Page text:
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Drive without Auto No Fault Insurance at your Extreme Peril

February 15, 2008 by Steven M. Gursten

The consequences of driving a car without auto no fault insurance in Michigan are exceptionally harsh. A recent case, released on January 29, 2008, illustrates just how severe these consequences will be.

The car accident occurred in Traverse City, Michigan. Mark Stallman was driving a car without automobile insurance. Another driver crossed over the center line of the road and collided head-on with his car. It is undisputed that the injuries Mr. Stallman suffered were severe, disabling and permanent. It is also undisputed that the driver who caused the car accident by crossing the center line was entirely at fault and that there was no comparative negligence on the part of Mr. Stallman. In other words, this man was completely innocent, did nothing wrong, and as a result of another person’s undisputed negligence, suffered catastrophic injuries that have left him permanently disabled. Yet Mr. Stallman, under Michigan no fault law, received nothing – not one dime for his injuries and pain and suffering. His case was dismissed by the trial court.

The lesson is clear: Michigan law does not allow a person, no matter how innocent or how seriously injured in a car accident, to bring a lawsuit for non-economic (pain and suffering) damages if they are driving a car without insurance and become involved in a car accident.

In dismissing Mr. Stallman’s case, the Grand Traverse Circuit Court judge relied on Stevenson v. Reese, 238 Mich App 513 (2000). In Stevenson, the Michigan Court of Appeals determined that MCL 500.3135(2)(c), the statute that punishes uninsured owners and operators of motor vehicles from collecting non-economic damages, does not violate the equal protection clause of the United States and Michigan Constitutions. Thus the Michigan law that punishes uninsured drivers and prevents them from being able to sue for injuries from car accidents is constitutional, as it is rationally related to a “legitimate government interest,” in this case, that Michigan citizens insure the vehicles they drive and Michigan maintains an affordable system of no fault automobile insurance.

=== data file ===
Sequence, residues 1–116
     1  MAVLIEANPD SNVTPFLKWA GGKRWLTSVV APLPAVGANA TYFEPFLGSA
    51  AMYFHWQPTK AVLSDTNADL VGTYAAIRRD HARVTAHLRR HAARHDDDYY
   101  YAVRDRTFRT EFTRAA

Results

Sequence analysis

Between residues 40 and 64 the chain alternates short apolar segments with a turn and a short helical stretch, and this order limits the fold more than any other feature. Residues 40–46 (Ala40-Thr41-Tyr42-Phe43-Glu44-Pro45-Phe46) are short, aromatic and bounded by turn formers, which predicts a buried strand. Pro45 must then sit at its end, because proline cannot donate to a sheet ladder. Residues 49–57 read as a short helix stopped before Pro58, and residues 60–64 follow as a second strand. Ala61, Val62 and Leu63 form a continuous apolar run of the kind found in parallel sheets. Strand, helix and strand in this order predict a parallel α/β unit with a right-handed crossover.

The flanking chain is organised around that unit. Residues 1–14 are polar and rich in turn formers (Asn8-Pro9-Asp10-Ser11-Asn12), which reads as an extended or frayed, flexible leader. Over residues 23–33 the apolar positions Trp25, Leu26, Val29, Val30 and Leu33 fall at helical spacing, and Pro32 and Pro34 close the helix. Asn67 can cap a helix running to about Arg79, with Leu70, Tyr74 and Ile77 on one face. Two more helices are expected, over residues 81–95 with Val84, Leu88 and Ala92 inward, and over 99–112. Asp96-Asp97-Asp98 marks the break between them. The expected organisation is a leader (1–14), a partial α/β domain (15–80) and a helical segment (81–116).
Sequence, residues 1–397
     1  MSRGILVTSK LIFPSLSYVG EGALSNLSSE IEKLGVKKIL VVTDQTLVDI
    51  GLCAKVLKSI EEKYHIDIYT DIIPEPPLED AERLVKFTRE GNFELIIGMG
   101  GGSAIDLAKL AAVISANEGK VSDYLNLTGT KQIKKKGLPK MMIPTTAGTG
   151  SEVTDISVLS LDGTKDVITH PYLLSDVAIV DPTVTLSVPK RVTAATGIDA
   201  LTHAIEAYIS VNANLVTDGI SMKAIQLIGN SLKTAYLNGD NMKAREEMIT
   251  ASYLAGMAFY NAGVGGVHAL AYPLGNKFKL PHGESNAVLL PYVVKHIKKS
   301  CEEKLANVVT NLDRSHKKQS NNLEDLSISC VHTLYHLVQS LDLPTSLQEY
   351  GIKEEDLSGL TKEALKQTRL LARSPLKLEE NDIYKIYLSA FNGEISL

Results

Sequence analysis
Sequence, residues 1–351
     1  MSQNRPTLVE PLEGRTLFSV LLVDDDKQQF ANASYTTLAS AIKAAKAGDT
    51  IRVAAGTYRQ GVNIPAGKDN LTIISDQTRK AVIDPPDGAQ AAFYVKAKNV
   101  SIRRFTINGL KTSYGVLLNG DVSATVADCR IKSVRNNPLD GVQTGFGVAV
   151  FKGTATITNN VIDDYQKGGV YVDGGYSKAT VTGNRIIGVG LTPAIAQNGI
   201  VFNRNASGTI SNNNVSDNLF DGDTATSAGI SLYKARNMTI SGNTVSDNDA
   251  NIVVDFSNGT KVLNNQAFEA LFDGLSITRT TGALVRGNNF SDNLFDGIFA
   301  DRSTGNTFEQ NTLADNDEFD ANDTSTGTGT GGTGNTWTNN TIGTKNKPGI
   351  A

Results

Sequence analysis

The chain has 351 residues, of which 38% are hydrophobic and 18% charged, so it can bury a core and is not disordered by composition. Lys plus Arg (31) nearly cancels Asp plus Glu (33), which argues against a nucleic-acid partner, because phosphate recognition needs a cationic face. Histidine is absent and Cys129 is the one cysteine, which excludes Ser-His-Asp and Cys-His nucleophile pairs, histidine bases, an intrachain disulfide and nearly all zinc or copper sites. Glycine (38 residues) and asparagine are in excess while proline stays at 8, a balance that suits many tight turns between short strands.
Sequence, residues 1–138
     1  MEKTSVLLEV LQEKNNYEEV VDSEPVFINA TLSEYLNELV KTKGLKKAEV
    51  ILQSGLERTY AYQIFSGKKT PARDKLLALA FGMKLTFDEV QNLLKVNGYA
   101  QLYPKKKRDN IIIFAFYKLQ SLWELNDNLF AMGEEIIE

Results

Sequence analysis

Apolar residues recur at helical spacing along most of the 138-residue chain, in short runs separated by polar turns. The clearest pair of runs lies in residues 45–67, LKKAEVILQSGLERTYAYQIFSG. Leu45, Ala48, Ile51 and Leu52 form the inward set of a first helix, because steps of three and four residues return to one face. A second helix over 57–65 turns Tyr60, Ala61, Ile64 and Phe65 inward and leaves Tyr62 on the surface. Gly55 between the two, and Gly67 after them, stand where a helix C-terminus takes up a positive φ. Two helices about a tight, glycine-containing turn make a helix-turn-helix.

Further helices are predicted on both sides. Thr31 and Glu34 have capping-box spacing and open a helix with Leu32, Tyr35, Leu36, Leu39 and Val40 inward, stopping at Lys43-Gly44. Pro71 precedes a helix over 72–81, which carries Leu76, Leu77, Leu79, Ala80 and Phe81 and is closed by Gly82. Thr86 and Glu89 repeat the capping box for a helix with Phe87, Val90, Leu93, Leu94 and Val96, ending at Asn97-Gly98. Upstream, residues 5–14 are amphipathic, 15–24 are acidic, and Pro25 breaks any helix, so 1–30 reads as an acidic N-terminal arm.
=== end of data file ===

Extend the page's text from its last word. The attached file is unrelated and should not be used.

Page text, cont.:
In essence, Mr. Stallman’s lawyer argued that Michigan’s law is too harsh and too punitive. After all, tens of thousands of people drive cars without insurance in Michigan, and his client was permanently disabled due to someone else’s undisputed carelessness. His lawyer also argued that punishing Mr. Stallman for driving a car without insurance placed him in an unequal and unconstitutional position compared to other uninsured people who might be involved in the same type of car accident, such as an uninsured passenger in the vehicle or an uninsured pedestrian or a bicycle rider. In each of these cases, Michigan law would still allow the uninsured passenger, the pedestrian and the bicycle rider to sue for injuries they would have received in a car accident. The court rejected this argument, as Michigan law does not require passengers, pedestrians, and bicyclists to maintain auto no fault insurance coverage.

The lesson is clear: you must insure your automobile. Statistically, people are involved in some type of motor vehicle accident every four to five years in Michigan. You will never know until it is too late if a person runs a red light and crashes into your car. The best thing you can do is insure your vehicle, and then make sure you purchase additional important insurance coverage such as uninsured and underinsured motorist coverage.
The case is Stallman v. Houchin, unpublished, No. 276138. LC 06-025522-NI.

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